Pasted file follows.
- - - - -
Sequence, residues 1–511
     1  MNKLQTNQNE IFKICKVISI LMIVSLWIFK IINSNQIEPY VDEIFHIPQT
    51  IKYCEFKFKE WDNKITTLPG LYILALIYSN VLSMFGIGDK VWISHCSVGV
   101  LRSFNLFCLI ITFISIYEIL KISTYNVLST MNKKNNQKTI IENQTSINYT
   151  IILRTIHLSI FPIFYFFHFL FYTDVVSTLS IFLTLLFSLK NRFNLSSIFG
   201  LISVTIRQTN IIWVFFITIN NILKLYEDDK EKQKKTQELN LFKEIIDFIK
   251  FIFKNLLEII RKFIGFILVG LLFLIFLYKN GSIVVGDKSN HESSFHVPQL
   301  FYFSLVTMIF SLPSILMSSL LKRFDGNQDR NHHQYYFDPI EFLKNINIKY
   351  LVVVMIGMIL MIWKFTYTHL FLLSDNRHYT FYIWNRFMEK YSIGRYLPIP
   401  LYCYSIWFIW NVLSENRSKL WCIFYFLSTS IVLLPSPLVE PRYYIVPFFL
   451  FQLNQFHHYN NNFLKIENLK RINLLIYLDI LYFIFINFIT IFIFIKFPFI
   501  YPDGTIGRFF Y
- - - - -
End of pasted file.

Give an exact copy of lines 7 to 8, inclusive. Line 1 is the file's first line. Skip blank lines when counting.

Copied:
   251  FIFKNLLEII RKFIGFILVG LLFLIFLYKN GSIVVGDKSN HESSFHVPQL
   301  FYFSLVTMIF SLPSILMSSL LKRFDGNQDR NHHQYYFDPI EFLKNINIKY